Post-secondary review to look at resources, government relationship and plenty more
Review welcomed by MUN president, after years of finding efficiencies
Almost one year after an "extensive" review of the province's post-secondary education system was announced, no such review has begun, but the terms of reference were set on Thursday.
The province also announced who would do the review — three highly educated professionals with decades of experience.
"We want to ensure our public post-secondary system meets the educational and vocational needs of our students," said Advanced Education Minister Bernard Davis.
He stressed timelines were not of vital importance in the process to this point.
"We wanted to make sure we got it done right much better than getting it done quickly," he said.
The press conference was the latest in a cavalcade of daily announcements by the provincial government.
Davis has appointed Karen Kennedy to chair the review, with Dr. Kevin Keough and Dr. Doreen Neville as fellow members on the committee of experts.
The review will "provide a long-term vision for the next decade and beyond" for the post-secondary education system, according to a government release.
After the review was ordered last March, government provided an update in October asking for input on the terms of reference. At that time, appointments to the expert committee were in the hands of the public service commission.
Who are they?
Kennedy has worked with both Memorial University and the College of the North Atlantic. She most recently served as a consultant on a review of CNA's School of Health Sciences, where she used to be the dean.
Keough is currently the executive director of the Alberta Prion Research Institute and has served on numerous advisory and review committees, as well as more than 30 professional bodies or community organizations since 1968. He has a doctorate in biochemistry from the University of Toronto.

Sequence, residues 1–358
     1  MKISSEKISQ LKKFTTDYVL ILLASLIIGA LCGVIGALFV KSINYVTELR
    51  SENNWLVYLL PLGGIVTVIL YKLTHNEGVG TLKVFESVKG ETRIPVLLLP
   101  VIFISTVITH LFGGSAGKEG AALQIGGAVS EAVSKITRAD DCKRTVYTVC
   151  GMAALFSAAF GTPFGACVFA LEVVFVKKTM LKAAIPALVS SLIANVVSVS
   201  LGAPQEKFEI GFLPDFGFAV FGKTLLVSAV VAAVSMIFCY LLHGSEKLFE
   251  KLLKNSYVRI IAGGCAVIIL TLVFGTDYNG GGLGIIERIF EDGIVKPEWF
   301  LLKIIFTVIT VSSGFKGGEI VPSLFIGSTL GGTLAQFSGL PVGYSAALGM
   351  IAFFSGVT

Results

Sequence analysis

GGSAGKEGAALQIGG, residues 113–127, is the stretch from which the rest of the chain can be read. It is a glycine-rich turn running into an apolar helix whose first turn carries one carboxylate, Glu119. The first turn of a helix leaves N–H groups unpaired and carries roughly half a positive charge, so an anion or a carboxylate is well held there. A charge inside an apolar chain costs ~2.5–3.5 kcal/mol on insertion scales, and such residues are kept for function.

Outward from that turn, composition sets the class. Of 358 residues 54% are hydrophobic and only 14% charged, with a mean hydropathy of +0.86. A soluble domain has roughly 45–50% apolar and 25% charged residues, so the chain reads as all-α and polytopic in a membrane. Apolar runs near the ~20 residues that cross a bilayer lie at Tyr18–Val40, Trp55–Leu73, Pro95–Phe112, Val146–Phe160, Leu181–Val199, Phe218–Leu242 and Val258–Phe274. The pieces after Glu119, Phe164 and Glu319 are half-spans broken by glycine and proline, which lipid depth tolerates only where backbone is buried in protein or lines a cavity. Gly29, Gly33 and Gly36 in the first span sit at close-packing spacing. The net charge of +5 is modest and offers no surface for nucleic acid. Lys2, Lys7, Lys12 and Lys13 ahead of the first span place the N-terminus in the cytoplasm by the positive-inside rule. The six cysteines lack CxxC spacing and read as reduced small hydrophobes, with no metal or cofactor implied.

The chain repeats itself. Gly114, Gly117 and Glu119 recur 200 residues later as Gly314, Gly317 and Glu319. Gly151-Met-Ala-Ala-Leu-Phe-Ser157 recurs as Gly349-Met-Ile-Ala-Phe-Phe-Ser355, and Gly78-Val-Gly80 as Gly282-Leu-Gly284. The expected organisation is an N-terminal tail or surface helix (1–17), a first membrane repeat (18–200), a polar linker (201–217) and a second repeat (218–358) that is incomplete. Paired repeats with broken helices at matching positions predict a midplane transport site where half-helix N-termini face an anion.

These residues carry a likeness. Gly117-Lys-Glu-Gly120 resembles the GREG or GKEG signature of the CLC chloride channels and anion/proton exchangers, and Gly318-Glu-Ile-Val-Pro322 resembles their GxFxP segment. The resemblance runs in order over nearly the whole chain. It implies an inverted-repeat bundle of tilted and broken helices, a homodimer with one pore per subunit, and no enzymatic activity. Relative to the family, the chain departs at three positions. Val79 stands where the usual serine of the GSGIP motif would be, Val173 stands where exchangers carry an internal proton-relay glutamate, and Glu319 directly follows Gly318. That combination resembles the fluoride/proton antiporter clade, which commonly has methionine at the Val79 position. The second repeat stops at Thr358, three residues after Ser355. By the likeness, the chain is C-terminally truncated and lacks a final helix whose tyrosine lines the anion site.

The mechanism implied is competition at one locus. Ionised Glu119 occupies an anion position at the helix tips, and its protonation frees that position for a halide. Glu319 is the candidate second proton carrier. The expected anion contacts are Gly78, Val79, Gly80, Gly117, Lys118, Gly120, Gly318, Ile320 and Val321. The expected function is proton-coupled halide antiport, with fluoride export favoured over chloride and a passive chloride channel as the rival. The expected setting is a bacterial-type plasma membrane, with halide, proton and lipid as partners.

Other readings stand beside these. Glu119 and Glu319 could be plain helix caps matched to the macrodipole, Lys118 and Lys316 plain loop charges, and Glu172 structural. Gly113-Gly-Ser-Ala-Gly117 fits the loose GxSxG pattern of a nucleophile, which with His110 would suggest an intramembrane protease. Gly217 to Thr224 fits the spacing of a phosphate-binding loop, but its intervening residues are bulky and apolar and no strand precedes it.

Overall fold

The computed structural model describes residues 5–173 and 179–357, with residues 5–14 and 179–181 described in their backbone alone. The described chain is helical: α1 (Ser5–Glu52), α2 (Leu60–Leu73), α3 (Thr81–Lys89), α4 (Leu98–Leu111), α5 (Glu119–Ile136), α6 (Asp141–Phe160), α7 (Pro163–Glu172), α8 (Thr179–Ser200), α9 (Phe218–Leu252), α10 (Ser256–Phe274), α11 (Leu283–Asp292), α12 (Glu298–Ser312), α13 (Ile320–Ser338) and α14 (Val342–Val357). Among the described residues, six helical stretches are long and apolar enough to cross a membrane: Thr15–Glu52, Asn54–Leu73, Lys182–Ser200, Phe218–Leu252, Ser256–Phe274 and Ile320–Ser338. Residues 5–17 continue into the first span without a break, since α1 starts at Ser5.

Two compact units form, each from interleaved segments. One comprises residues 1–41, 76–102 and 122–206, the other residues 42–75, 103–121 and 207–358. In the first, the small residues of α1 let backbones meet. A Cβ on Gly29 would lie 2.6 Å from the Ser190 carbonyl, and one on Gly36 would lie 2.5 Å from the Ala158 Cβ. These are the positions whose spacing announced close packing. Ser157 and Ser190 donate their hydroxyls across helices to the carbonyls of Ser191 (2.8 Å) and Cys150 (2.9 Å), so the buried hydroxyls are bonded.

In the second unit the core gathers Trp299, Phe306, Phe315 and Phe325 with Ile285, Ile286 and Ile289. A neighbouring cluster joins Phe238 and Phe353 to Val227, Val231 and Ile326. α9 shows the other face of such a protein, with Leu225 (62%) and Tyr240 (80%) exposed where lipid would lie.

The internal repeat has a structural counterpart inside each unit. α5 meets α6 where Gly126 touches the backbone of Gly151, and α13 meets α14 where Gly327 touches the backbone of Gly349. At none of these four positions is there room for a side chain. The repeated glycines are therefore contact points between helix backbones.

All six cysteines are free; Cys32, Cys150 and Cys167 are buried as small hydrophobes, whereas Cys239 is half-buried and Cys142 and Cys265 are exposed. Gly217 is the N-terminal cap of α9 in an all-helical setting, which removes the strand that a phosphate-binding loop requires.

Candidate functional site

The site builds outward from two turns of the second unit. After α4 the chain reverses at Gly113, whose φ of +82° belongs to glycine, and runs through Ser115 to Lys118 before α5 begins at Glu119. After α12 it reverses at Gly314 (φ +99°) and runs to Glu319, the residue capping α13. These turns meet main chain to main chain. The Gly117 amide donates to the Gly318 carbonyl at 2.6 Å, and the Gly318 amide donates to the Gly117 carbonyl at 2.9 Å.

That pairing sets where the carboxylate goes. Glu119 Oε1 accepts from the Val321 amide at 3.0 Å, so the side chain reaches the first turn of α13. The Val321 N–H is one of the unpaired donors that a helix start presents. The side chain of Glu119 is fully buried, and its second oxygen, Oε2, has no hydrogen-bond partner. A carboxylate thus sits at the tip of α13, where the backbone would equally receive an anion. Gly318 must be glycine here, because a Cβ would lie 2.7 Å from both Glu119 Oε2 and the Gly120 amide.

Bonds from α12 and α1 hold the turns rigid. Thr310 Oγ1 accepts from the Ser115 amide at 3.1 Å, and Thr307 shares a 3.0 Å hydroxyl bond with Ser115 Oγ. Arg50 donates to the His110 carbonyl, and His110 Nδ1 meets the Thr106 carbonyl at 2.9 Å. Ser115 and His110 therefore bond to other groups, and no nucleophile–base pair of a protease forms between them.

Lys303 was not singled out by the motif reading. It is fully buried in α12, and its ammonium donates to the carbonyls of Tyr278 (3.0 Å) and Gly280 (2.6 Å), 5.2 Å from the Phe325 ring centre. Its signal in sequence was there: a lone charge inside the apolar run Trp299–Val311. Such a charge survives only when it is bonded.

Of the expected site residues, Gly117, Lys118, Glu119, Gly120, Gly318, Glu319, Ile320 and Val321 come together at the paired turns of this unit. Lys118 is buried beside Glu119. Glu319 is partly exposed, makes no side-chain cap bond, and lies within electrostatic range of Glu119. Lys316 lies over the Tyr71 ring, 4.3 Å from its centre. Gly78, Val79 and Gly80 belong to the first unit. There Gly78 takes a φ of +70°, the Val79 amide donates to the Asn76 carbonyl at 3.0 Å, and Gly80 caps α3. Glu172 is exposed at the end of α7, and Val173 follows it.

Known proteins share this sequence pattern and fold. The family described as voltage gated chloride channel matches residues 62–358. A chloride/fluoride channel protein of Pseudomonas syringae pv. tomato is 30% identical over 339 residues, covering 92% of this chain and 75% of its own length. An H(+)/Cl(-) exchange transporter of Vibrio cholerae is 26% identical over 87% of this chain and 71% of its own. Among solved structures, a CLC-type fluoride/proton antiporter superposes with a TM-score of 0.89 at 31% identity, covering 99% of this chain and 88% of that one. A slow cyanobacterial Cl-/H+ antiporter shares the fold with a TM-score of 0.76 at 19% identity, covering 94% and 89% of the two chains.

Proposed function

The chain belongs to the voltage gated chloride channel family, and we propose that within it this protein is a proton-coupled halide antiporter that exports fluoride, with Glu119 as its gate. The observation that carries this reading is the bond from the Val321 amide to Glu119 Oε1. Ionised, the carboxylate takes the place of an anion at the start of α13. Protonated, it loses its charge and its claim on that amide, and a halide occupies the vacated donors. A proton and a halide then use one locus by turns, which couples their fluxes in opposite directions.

Neville has a doctorate and a master's degree in health services administration from Harvard University. She most recently served as a consultant with MUN's Office of the Provost. She's also served as an associate vice president with Memorial University and director of research for the Waterford Hospital.
What will they look at?
The terms of reference touch on dozens of subjects, but the question at the root of it is whether the province's public post-secondary system is meeting the needs of its students, and if there is room to do more.
The committee will look at how programs line up with labour demands, how the system contributes to immigration, the aging infrastructure on campuses and how revenue is generated.
They'll also review the relationship with government, which has been rocky since budget cuts limited the bottom line for MUN and CNA.
MUN president Gary Kachanoski said the review is welcomed by the university.
"Reviews are always a good thing, to have a second opinion or a second look at it," he said.
Kachanoski is hopeful the review will focus on resources — the budget he is dealing with this year is the same amount he had nine years ago, in his first year as president.
With crumbling infrastructure and an estimated $445 million price tag to fix it all, the school has been left to search for efficiencies at every turn.
"I think all of that has to be put into the pot to say how should the university be structured and how should the resourcing model for the university be structured?" Kachanoski said on Thursday.
While many say they are looking forward to the review, it will be another year — in 2020 — before the committee gives its report to government.